Bupleurum roots (Chai Hu) Immature Bitter Oranges (Zhi Shi) White peony roots (Bai Shao) Liquorice (Gan Cao)

Si Ni San

Chinese: 四逆散

Pinyin: Sì Nì Sàn

Other names: Frigid Extremities Powder, Four Rebellious Powder

Number of ingredients: 4 herbs

Formula category: Formulas that harmonize Liver-Spleen

Conditions for which it may be prescribed: ColitisEnuresisRhinitis and seventeen other conditions

  1. Regulates Liver and Spleen
  2. Eliminates Internal Heat

Contraindications: Contraindicated for Qi Stagnation associated with Yin Deficiency, which may... Contraindicated for Qi Stagnation associated with Yin Deficiency, which may also manifest with pain in the hypochondria, epigastrium, and abdomen. see more

Source date: 220 AD

Source book: Discussion of Cold Damage

Si Ni San is a 4-ingredient Chinese Medicine formula with Bupleurum Roots (Chai Hu) as a principal ingredient.

Invented in 220 AD, it belongs to the category of formulas that harmonize Liver-Spleen. Its main actions are: 1) regulates Liver and Spleen and 2) eliminates Internal Heat.

In Chinese Medicine health conditions are thought to arise due to "disharmonies" in the body as a system. These disharmonies are called "patterns" and the very purpose of herbal formulas is to fight them in order to restore the body's harmony.

In this case Si Ni San is used by TCM practitioners to fight patterns like Rebellious Liver Qi. From a Western Medicine standpoint, such patterns can give rise to a range of conditions such as cholecystitis, cholelithiasis or gastritis for instance.

On this page, after a detailed description of each of the four ingredients in Si Ni San, we review the patterns and conditions that Si Ni San helps treat.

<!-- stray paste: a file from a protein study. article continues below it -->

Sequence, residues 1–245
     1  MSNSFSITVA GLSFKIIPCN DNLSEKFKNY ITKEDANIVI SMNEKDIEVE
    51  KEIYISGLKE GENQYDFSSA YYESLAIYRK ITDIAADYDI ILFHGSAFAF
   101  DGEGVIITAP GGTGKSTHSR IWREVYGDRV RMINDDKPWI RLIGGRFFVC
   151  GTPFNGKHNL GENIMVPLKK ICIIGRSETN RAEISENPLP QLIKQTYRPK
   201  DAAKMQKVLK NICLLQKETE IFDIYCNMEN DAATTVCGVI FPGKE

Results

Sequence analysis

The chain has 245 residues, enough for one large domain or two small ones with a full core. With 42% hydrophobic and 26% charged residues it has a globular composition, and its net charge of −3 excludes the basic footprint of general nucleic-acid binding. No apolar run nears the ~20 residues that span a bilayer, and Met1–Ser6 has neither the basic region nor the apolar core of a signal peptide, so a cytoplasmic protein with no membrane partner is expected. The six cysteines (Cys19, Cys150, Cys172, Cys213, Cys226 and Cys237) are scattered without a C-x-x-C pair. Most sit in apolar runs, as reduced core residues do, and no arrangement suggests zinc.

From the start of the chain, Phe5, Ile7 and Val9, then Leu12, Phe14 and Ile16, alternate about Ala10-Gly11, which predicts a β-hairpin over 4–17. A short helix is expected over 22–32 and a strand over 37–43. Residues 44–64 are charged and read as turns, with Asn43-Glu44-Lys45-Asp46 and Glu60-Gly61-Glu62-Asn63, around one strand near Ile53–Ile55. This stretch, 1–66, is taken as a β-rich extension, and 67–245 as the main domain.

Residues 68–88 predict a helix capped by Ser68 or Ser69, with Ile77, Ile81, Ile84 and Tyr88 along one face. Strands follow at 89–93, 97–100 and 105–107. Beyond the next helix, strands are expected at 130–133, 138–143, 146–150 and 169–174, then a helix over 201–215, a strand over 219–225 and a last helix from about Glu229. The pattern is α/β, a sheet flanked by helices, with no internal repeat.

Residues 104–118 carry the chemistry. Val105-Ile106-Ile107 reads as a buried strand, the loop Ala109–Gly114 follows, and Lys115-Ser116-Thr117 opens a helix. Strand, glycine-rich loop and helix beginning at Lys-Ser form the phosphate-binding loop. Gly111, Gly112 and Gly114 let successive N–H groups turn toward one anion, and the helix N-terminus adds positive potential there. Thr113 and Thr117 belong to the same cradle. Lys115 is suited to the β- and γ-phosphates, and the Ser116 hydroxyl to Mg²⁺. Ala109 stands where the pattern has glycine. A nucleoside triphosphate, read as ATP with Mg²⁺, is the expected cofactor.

The four ingredients in Si Ni San

Chai Hu is a king ingredient in Si Ni San. Like the name indicates, it means it has more power than other ingredients in the formula.

1. Bupleurum Roots (Chai Hu)

Part used: Dried root and rhizome

Nature: Cool

Taste(s): Bitter

Meridian affinity: GallbladderLiver

Category: Cool/Acrid herbs that release the Exterior

Chai Hu is able to disperse any kind of Qi Stagnation in the epigastrium, abdomen, Stomach, and Intestines. It is an upward rising herb that enters the Liver.

Learn more about Bupleurum Roots (Chai Hu)

Zhi Shi is a deputy ingredient in Si Ni San. This means it helps the king ingredient(s) treat the main pattern or it serves to treat a coexisting pattern.

2. Immature Bitter Oranges (Zhi Shi)

Part used: Dried unripe fruit

Nature: Cool

Taste(s): BitterPungentSour

Meridian affinity: SpleenStomachLarge intestine

Category: Herbs that regulate Qi

Zhi Shi drains Stagnation, breaks up Stagnant Qi, and reduces accumulation in the Middle Burner to facilitate the transportive and transformative functions of the Spleen and Stomach. Its descending action pairs it well with the ascending action of Chai Hu (the key herb): the effect of the different directions is to disentangle Heat in the Liver, Stomach and Spleen territories.

Learn more about Immature Bitter Oranges (Zhi Shi)